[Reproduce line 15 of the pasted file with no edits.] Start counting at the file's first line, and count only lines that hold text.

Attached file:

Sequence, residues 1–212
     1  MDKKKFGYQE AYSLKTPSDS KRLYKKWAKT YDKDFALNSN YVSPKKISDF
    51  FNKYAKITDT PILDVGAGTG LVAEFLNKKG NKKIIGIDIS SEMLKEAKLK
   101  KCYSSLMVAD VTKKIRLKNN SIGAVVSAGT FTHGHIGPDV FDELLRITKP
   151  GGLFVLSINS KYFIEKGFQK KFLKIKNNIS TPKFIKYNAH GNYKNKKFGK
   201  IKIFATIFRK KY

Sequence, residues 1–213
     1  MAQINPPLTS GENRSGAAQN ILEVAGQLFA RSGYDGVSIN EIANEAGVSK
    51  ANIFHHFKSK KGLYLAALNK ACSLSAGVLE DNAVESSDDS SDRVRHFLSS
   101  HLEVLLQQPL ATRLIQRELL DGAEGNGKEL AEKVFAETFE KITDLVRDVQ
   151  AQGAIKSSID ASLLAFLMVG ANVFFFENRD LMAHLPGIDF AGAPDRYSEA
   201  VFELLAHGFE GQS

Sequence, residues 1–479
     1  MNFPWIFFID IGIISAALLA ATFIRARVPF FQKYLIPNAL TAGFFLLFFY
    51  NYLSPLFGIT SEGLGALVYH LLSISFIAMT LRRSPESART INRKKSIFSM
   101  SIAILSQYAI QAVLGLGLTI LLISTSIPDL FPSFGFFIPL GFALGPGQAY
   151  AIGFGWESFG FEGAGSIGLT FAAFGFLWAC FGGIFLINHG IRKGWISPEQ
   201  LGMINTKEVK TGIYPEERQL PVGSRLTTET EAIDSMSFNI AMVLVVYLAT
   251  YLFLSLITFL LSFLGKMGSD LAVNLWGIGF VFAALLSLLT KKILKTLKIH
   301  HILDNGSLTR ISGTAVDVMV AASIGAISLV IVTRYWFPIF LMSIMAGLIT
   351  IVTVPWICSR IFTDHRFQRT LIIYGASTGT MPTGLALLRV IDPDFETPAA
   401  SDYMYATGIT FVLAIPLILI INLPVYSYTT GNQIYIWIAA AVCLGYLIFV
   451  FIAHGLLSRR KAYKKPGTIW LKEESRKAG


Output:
    51  NYLSPLFGIT SEGLGALVYH LLSISFIAMT LRRSPESART INRKKSIFSM